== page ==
Los Lobos are America’s Band
by Marshall Bowden
Los Lobos are an underappreciated American treasure. The band’s ability to play a variety of music authentically and enthusiastically is stronger than just about any current band I can think of. They’ve been around for over forty years with the same personnel, and they have a slew of records, both studio and live, to show for it. They can be the best mariachi band you’ve ever heard one minute, and the next they are playing Neil Young’s ‘Cinnamon Girl’ for an encore.
Yet they are often overlooked in discussions of great American bands from the rock and roll era. They have written plenty of great songs of their own, songs that have been covered by other artists, but they have a long tradition of playing cover versions in their shows that no doubt stems from their early experience as a wedding band.
There are a few reasons for doing cover albums. One is to demonstrate the ability of a band to mimic the style of another group that they admire. Another is to pay tribute to the music that came before and laid the path for others to follow. This second reason is the one that applies most directly to Los Lobos’ latest recording Native Sons. It’s a tribute to the music of L.A., where the members of Los Lobos were born and played lots of gigs both in their East L.A. neighborhood and in punk clubs on Sunset Strip, playing alongside bands like X and The Blasters who shared their multifaceted approach to rock music.
In his 1997 induction of Buffalo Springfield to the Rock & Roll Hall of Fame, Tom Petty pointed to the group’s artistic diversity: “They were fringe and paisley; they were the city, and they were the canyons…” In terms of complementary opposites he could be talking about Los Lobos, a group that came out of East L.A.’s Chicano culture and fueled their versions of traditional Mexican music and Latino garage rock with the energy and enthusiasm of the city’s white punk scene.
Native Sons reminds me in many ways of The Band’s Moondog Matinee, another album that was meant to pay tribute to musical forbears and influences. It’s one of the finest cover albums in rock music because it is a personal project that is heartfelt and not a cash grab or merely a collection of songs that the artist liked. The Band recorded an album of songs that they loved and enjoyed playing, but the programming of the record was done very carefully, so that it resembled a club set that a band like The Hawks or The Band might play in a roadhouse or juke joint. Moondog Matinee is NOT, as is sometimes suggested, a set of actual tunes that The Band played in their previous incarnation as The Hawks, but it is put together tightly as a club set would be.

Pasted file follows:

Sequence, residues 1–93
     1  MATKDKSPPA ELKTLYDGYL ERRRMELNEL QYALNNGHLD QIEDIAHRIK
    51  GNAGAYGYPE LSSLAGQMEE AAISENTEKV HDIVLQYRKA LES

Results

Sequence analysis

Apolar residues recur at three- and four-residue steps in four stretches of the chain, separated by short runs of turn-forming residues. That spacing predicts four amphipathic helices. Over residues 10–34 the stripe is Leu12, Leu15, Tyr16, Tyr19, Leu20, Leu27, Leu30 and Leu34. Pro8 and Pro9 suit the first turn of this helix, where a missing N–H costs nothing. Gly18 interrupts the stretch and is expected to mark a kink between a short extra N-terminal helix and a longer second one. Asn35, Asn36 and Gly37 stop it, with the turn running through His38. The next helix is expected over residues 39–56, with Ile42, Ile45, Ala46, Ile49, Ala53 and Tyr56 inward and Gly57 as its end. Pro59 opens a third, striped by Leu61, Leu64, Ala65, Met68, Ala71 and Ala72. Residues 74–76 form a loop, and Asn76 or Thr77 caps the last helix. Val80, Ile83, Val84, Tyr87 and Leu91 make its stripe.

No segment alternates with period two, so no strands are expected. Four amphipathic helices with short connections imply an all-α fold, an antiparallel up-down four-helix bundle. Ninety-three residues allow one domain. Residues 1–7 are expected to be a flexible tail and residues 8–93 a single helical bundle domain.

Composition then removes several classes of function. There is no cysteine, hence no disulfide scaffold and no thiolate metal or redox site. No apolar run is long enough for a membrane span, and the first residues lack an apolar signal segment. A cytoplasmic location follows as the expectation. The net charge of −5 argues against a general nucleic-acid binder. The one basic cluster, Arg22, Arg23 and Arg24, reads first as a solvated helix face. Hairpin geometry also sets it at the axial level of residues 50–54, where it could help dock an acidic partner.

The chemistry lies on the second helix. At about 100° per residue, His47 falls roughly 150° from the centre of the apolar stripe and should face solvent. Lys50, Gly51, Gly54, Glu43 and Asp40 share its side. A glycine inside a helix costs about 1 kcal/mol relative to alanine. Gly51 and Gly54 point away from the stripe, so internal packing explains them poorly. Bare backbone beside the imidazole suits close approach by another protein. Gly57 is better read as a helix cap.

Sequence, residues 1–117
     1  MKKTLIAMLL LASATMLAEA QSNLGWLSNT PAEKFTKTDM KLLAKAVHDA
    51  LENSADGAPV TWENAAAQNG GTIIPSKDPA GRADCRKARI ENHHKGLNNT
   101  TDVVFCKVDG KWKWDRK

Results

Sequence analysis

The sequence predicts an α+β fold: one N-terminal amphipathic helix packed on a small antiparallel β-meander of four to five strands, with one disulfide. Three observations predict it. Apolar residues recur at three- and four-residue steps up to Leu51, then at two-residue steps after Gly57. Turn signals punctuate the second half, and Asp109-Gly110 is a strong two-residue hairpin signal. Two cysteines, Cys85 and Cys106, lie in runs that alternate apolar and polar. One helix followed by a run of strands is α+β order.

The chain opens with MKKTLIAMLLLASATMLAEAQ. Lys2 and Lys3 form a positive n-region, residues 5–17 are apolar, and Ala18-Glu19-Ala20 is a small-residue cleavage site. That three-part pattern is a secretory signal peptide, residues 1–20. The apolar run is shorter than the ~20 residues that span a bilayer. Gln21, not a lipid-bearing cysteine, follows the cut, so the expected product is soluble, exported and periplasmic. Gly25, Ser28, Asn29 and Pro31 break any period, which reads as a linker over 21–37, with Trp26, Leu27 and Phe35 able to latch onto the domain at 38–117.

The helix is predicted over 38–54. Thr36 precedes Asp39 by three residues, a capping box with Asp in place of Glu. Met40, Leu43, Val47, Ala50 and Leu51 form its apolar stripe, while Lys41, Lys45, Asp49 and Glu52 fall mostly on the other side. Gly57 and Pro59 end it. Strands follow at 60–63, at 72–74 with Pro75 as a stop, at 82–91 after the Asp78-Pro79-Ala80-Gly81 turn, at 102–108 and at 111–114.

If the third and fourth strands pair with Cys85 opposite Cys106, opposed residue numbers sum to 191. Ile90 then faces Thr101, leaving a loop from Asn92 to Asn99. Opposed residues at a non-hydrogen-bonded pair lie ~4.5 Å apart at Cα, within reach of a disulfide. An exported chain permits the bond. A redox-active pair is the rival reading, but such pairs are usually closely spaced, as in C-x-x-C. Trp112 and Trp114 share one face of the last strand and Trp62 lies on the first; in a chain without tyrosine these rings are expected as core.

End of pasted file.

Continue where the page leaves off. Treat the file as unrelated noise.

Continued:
Los Lobos, like The Hawks/Band, are very much a walking jukebox of a band, able to play everything from rockabilly and punk to mariachi music and show tunes. The fact that they settled on recording songs by L.A. bands from different eras gives the album the same kind of authentic focus and deep feeling that is present on Moondog Matinee. In addition, Los Lobos are capable of sounding very much like themselves even when they are covering other artists’ songs, which is also something that you could say about The Band.
Los Lobos opens with Thee Midniters’ “Love Special Delivery” using Steve Berlin’s sax to mimic the earlier band’s pioneering use of horns in a manner that became popular with the rise of groups like Ides of March and Blood, Sweat & Tears. But Los Lobos is cleaner in the drums and bass department, giving the track an extra edge.
They cover two songs by Buffalo Springfield, running them together. “Bluebird” is true to its psychedelic roots, but David Hidalgo’s vocal is less clipped, its rounded tones emphasizing the beauty of the melody. The second half is a guitar meltdown that really captures the same kind of interplay as Rich Furay, Stephen Stills, and Neil Young on electric and acoustic guitars. They reference the original track’s finale with a gentle instrumental segment that introduces “For What It’s Worth.” Though it’s a song that seems to apply to every generation’s struggles, it was originally written in reference to the infamous riots on Sunset Strip, further cementing its place in the history of L.A. rock.
Other tracks of note are the amazing “Los Chucos Suaves”, originally recorded by Lalo Guerrero, a bandleader known as the father of Chicano music. Guerrero merged the hipster jive of swing and R&B music with Spanish language lyrics, creating a whole new sound. Later in his career he was inspired to write several corridos about Cesar Chavez and the plight of Mexican migrant workers in America. Here the band leans on its wedding band roots, playing up a storm that is at once respectful of Guerrero’s original even while it surpasses its sheer energy. On the other hand, they give Jackson Browne’s gorgeous “Jamaica Say You Will” a more relaxed feel by trading the original’s acoustic piano for a Fender Rhodes and making it a more guitar-centric track.
“Everybody picked a favorite song, or a song from a favorite band,” bassist Conrad Lozano told the L.A. Times. Turns out Lozano is the Beach Boys fan who voted for the inclusion of “Sail On Sailor”, a song from the California band’s 1973 Holland album. It’s a great version of a song that captures its weariness even while providing a brighter beat and some nice guitar ornamentation.
Maybe the best thing I can say about Native Sons is that the lone original, the album’s title track, sounds just as much like a classic tune as anything else on the record. That’s a sign of the personal nature of this project for Los Lobos, and it’s why Native Sons will be in heavy rotation for me as we head towards the year’s end.